Today, we continue along in the National League East division with the Marlins. Naturally, the team that finished with the worst record in the NL last season has got a lot of potential holes. Luckily for some of the expected starters normally at risk of losing their jobs, there are no viable prospect alternatives to steal playing time. Any lose playing time is likely to be sopped up by veteran hitters on their bench. Players at risk of poor play and lost playing time without the threat of a prospect behind them is Jorge Alfaro and Jesus Aguilar.
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At Risk: Isan Diaz
Replacement: Gosuke Katoh
After a breakout performance at Triple-A last season, fantasy owners were excited about Isan Diaz’s debut. Unfortunately, it went poorly, as his strikeout rate spike, while his BABIP and power collapsed. Perhaps he just wasn’t ready quite yet and will perform closer to what we hoped for this year, or perhaps there was some flukiness to his Triple-A performance and his pre-2019 results are closer to his true talent. Clearly, he’s at risk of losing his job, given the chance he doesn’t rebound enough off his weak debut results.
A long-time Yankees farmhand, Gosuke Katoh was signed by the Marlins last December and he displayed the most power of his career. During his first tour of Triple-A, his HR/FB rate surged into the high teens for the first time, and only the second time the mark has been in double digits at any minor league stop. His walk rates have sat in double digits at every stop except one, and while his strikeout rates are a bit higher than you would like to see, his SwStk% have hovered between 10% and 11%, which is basically league average. He also possesses some speed. Overall, he looks to have the ability to do a bit of everything, without standing out anywhere, which is always undervalued in fantasy circles.
Strong defense at shortstop could ensure Miguel Rojas keeps his starting shortstop job, but if that defense slips, he doesn’t have the offensive capability to stay in the lineup. He makes fantastic contact, but only league average BABIP ability, a lack of walks, and no power, means he’s not doing anything well except making contact at a better than average rate.
Jon Berti is already 30 years old and had been playing in the minors since 2011 before he finally got the call to the Majors in 2018. Last year, he recorded 287 plate appearances with the Marlins and swiped 17 bases, giving fantasy owners hope he’s open the 2020 season with a starting job. He’s likely to open in a utility role, but could find himself starting if Rojas (or any number of starters at other positions) falters.
Lewis Brinson was expected to get another shot at regular playing time even after posting an ugly .205 wOBA and getting demoted to Triple-A. While I still would be open to rolling the dice here for cheap, he’s done nothing to suggest he could hit at the Major League level.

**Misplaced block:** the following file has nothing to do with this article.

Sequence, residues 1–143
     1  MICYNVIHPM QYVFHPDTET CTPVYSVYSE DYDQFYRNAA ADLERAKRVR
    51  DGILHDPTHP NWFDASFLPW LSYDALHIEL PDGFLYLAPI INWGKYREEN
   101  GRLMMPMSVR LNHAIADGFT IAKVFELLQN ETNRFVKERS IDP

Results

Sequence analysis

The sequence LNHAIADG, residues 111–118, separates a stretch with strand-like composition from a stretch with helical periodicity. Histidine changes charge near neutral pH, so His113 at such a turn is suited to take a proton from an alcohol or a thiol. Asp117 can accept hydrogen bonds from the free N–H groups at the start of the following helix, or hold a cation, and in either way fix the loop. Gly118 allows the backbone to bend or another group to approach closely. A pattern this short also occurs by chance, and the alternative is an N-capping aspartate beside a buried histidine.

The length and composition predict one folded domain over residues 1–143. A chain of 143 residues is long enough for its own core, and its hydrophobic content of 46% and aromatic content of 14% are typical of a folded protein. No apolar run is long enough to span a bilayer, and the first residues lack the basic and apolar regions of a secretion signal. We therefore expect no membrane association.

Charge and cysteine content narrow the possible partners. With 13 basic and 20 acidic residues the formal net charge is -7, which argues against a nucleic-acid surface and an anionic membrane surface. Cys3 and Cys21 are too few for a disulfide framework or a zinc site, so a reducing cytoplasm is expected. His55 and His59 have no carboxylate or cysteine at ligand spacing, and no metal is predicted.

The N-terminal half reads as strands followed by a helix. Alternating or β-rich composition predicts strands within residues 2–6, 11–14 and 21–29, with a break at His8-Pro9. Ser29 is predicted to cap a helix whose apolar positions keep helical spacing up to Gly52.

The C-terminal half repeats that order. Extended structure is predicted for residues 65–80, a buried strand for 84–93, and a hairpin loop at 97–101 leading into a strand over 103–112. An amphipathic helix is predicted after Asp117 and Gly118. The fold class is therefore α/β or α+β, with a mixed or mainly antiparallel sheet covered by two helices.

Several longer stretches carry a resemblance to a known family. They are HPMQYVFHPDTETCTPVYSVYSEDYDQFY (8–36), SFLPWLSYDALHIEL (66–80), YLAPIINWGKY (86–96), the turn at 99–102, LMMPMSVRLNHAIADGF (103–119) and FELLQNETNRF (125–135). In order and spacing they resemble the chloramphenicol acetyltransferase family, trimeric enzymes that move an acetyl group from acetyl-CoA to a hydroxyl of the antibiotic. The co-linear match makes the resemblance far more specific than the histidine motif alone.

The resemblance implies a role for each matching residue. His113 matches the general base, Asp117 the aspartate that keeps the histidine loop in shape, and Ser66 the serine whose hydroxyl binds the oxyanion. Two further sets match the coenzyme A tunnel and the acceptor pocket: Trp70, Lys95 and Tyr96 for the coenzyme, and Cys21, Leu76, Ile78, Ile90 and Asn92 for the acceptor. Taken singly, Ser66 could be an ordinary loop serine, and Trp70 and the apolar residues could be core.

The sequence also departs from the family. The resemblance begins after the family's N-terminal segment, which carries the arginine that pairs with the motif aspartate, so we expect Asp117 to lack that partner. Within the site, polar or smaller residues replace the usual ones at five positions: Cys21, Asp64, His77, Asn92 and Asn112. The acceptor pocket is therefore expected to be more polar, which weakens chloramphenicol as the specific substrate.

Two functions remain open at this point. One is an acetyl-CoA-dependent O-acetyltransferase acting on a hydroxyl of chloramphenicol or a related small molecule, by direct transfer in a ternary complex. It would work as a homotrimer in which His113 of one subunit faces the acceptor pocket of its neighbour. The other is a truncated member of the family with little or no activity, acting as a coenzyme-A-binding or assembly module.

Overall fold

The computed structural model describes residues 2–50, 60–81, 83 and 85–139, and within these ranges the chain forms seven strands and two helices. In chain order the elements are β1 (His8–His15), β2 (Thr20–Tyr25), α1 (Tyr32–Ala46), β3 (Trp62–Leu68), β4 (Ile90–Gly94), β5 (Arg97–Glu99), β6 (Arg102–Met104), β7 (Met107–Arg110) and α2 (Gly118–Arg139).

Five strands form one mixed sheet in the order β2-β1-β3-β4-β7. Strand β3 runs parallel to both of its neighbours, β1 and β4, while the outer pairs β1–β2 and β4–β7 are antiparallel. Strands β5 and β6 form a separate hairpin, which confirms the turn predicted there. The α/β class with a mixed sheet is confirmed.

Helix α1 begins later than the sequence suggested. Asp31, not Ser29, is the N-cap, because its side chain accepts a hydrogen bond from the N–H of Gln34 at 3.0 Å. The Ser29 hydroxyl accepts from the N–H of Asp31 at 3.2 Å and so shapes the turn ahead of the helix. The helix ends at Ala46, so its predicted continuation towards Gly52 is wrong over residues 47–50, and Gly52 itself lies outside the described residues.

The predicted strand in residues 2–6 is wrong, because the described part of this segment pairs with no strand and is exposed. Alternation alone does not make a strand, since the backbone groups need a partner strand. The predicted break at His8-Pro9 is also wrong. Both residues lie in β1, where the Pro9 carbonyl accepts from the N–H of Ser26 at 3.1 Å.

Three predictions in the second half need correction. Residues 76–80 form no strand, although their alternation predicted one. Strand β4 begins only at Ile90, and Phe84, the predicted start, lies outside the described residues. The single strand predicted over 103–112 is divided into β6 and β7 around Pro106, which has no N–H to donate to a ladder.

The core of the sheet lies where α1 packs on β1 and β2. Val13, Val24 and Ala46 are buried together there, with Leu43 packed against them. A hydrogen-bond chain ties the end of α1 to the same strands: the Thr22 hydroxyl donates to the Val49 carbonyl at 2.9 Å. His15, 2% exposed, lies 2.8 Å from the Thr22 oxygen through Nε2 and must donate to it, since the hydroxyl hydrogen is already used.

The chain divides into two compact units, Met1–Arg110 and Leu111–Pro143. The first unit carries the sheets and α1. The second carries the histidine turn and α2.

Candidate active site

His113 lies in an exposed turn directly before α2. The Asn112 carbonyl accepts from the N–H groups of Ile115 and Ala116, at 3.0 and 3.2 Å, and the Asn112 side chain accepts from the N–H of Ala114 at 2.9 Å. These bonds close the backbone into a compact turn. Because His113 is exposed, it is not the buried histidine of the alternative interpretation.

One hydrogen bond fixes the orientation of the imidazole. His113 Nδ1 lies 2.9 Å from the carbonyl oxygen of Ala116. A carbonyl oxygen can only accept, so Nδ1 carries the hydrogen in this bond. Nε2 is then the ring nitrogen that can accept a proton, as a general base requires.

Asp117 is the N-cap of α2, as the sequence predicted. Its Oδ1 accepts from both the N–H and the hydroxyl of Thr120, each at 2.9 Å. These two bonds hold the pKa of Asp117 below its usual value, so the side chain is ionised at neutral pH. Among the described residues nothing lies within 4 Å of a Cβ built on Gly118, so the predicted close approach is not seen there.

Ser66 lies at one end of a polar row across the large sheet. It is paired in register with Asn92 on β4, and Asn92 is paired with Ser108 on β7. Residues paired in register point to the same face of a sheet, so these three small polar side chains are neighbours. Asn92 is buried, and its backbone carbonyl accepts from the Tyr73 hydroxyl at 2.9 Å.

Harold Ramirez played almost a full season with the Marlins last year, but wasn’t much of a fantasy contributor due to a lack of power and any speed. However, the lack of power was mainly due to a low fly ball rate, rather than a lack of actual punch. Hitters don’t generally dramatically alter their batted ball type distribution (unless you’re Christian Yelich, but even he took years to do so), so don’t expect Ramirez to do so overnight. But if he is able to get that FB% over 30%, he’s suddenly interesting in fantasy leagues thanks to his better than average strikeout rate.
Sheesh, 65 grade Raw Power and 60 grade speed?! Say hello to the team’s sixth best prospect, Monte Harrison. Last year, he was on a 20 homers, 40 steal pace at Triple-A, assuming a full season’s worth of plate appearances. The problem here is he swings and misses often, and at least at Triple-A, hit an even lower rate of fly balls than Ramirez discussed above. That said, a shortened season means his batting average can bounce anywhere, so I would be buying the power and speed.
At Risk: Jose Urena
Replacement: Elieser Hernandez
After two seasons out outperformance, Jose Urena’s ERA finally jumped toward his unimpressive SIERA. With a weak strikeout rate, he’s at the mercy of his defense, and his defense let him down, leading to an inflated BABIP last year. He moved between the rotation and bullpen last year and even earned three saves, so a poor rotation showing again could push him permanently into relief.
Elieser Hernandez has already thrown about a season’s worth of innings over two years for the Marlins, and has posted an ugly 5.11 ERA. But, he posted an elite 34.3% strikeout rate backed by a 15.5% SwStk% at Triple-A last year, while both his four-seam fastball and slider generated above league average SwStk% marks while with the Marlins. The question is whether the team views him as a starter or reliever, as he has shuffled between both roles during his two stints with the team. He has been an extreme fly ball pitcher, which is risky in this home run happy environment, but also helps suppress his BABIP, so at least those homers are more likely to be solo shots.
Mike Podhorzer is the 2015 Fantasy Sports Writers Association Baseball Writer of the Year. He produces player projections using his own forecasting system and is the author of the eBook Projecting X 2.0: How to Forecast Baseball Player Performance, which teaches you how to project players yourself. His projections helped him win the inaugural 2013 Tout Wars mixed draft league. Follow Mike on Twitter @MikePodhorzer and contact him via email.